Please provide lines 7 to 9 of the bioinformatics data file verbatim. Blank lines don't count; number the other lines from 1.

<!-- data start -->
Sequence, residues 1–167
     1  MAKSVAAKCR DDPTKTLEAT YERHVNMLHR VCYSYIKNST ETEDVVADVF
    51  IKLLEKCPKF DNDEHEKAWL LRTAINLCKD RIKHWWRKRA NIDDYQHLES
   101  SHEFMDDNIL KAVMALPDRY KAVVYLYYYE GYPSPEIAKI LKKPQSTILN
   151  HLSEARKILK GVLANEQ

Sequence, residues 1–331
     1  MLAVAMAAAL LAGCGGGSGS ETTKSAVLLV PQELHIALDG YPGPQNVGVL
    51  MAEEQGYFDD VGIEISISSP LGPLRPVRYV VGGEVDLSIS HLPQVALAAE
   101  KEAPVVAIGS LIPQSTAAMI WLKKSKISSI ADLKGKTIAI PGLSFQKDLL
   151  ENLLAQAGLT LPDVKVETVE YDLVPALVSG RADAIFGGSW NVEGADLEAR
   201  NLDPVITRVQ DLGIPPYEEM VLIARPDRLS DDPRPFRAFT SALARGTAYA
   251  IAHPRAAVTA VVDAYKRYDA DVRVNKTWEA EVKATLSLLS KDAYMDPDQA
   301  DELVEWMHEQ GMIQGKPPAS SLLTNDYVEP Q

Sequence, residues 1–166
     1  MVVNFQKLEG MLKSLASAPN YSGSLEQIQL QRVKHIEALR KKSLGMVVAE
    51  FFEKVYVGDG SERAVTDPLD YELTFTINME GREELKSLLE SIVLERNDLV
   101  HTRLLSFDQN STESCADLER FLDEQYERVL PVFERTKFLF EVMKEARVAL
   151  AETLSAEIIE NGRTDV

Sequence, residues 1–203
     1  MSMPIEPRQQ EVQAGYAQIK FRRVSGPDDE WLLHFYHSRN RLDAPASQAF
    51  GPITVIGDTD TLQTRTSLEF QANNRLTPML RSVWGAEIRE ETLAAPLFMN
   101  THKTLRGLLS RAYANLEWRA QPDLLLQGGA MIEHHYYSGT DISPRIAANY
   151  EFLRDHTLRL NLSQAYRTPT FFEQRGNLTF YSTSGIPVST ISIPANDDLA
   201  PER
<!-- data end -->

     1  MLAVAMAAAL LAGCGGGSGS ETTKSAVLLV PQELHIALDG YPGPQNVGVL
    51  MAEEQGYFDD VGIEISISSP LGPLRPVRYV VGGEVDLSIS HLPQVALAAE
   101  KEAPVVAIGS LIPQSTAAMI WLKKSKISSI ADLKGKTIAI PGLSFQKDLL